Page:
Pioneer Senior Austin Jackson Receives Esports Scholarship


The video game industry is one of the most rapidly expanding markets in the world, boasting a global revenue stream that totalled 180 billion dollars in 2020. That is more money than the film industry (100 billion) and American sports (75 billion) combined. As a result, the demand for competitive esports leagues has skyrocketed causing colleges across the country to begin their first varsity teams and offer scholarships. One of the beneficiaries of this wave of the future is Ann Arbor Pioneer senior Austin Jackson who will be attending Lawrence Technical University on an esports scholarship.

Video games have become an integral part of nearly every 21st century childhood and Jackson’s was no different. “Since I was 5 or 6 I have great memories playing with the Game Boy, DS, or GameCube,” he said.

However, it was soon apparent that Jackson had a greater aptitude for video games than the average kid. Jackson’s friend and Pioneer senior Anthony Gibbons recalls, “I started playing video games with Austin in 7th grade. I remember a time when we were at his house and we decided to play against each other in Madden. Normally, Madden is the game I am best at, but Austin destroyed me.”

Despite his evident talent, Jackson claims that he only realized that he could play at a competitive level when Fortnite introduced their tournament feature at the end of 2018. “I realized that I was good enough to have a shot at winning some money and I have won around 300 dollars from those,” he said.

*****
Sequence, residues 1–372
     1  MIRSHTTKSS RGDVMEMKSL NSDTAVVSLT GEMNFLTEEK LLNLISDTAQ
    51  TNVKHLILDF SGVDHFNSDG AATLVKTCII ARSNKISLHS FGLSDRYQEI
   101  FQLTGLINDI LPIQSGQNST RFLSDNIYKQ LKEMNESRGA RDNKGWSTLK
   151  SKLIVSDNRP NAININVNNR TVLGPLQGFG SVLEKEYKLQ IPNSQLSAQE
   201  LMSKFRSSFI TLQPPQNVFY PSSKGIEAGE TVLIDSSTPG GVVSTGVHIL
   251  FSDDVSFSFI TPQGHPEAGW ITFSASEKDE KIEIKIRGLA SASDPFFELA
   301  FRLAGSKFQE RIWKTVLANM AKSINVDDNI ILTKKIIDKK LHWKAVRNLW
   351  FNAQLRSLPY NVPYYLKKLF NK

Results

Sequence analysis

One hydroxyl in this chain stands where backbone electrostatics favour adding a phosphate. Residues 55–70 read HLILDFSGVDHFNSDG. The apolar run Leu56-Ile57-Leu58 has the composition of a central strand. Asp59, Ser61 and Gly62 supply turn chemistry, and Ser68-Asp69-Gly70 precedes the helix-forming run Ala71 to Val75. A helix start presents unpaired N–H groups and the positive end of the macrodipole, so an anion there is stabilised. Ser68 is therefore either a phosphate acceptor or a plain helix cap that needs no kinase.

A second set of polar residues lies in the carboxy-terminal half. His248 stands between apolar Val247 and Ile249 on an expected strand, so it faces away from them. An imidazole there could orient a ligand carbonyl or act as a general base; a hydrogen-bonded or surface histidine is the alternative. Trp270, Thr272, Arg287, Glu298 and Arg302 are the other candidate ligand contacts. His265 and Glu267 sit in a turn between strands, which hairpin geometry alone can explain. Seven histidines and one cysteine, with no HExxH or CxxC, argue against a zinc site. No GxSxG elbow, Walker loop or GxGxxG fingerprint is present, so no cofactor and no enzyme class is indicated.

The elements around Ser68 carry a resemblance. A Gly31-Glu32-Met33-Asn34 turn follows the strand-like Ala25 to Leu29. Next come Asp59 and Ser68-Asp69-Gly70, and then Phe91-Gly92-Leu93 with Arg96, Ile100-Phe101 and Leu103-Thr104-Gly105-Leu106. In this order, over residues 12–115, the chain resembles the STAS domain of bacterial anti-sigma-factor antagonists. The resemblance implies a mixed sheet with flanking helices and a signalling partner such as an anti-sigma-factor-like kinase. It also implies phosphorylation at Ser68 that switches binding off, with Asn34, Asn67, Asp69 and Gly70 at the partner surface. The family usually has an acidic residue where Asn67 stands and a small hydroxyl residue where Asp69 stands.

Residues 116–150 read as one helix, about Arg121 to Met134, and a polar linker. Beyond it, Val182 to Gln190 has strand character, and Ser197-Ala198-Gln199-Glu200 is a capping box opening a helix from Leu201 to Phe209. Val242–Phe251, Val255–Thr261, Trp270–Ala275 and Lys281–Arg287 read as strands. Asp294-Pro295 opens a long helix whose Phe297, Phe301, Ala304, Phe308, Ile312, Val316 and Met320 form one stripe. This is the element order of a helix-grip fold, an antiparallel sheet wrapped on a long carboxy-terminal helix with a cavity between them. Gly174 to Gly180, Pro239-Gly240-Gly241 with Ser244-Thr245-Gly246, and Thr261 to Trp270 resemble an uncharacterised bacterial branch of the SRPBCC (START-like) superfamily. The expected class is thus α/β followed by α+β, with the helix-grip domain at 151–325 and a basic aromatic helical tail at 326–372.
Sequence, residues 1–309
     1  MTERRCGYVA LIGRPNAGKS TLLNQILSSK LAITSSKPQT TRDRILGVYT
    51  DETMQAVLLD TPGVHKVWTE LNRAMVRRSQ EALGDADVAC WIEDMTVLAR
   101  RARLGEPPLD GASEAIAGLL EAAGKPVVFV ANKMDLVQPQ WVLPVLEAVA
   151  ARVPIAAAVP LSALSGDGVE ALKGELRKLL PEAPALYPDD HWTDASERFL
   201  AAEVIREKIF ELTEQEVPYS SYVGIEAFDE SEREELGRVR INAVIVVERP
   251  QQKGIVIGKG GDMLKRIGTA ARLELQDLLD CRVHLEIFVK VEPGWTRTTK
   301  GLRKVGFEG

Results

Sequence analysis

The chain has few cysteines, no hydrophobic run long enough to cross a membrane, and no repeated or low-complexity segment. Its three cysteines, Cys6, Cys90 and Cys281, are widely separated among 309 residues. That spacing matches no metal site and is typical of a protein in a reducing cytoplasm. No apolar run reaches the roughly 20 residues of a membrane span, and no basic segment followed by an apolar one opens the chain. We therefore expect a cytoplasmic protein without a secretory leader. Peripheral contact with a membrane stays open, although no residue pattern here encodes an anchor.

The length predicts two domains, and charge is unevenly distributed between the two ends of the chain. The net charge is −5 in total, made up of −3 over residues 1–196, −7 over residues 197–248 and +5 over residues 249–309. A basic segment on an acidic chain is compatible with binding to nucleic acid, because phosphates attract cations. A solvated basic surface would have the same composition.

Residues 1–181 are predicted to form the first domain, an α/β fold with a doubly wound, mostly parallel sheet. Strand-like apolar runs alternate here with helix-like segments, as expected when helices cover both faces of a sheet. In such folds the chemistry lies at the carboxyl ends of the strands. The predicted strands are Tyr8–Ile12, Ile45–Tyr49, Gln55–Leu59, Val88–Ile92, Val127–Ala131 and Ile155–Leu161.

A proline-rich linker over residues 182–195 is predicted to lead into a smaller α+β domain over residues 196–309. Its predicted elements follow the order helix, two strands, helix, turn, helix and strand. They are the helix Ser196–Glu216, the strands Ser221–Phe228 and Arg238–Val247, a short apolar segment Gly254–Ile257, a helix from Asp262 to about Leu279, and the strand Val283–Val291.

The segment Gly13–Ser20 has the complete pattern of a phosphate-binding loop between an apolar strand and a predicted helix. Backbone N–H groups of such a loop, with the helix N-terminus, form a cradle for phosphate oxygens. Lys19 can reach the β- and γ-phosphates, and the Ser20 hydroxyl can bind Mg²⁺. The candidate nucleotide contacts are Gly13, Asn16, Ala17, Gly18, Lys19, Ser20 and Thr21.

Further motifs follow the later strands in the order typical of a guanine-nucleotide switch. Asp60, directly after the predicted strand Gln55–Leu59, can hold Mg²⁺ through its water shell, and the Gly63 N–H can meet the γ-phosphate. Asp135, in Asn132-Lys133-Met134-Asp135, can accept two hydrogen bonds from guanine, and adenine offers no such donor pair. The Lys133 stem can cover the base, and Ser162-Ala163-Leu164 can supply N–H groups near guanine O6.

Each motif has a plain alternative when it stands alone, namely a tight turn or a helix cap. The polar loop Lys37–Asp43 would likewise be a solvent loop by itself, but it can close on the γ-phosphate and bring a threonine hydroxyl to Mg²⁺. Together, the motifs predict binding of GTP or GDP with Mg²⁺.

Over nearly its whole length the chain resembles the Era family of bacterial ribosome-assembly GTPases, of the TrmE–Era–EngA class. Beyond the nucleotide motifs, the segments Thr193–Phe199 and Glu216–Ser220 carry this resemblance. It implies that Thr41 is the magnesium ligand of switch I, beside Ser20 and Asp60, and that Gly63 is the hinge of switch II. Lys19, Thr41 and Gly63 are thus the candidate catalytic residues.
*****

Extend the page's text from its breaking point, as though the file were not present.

Jackson encourages other video games to keep adding these competitive modes because it helps kids like him realize their potential. “I think it’s great how these games and others have given back to their player base and inspired kids like me to pursue a higher level of competition,” he said.

Even with the success he was beginning to earn from playing video games Jackson never seriously considered playing on an esports team outside of a couple of Fortnite Clans with friends. “I had no idea or intention of playing esports in college until a couple of months ago. I was planning to go to Lawrence Tech already to major in architecture and I just happened to see that they were starting an esports team this year,” he said. 

After the seed was planted in Jackson’s mind, the whole process became a whirlwind. “I sent an email to the coach with some game clips, not really expecting to hear back. But she responded, set up a zoom meeting with me, and when she offered me a scholarship I lost my mind, I couldn’t believe it,” he said.

Lawrence Tech esports Head Coach Danielle Sirekis had positive commentary on Jackson’s skill. “Austin is very passionate about esports and wants to be a part of the team, he plays very strategically and with purpose. He is willing to learn and grow with the program, which is instrumental for the success of the inaugural esports team at Lawrence Tech,” she said.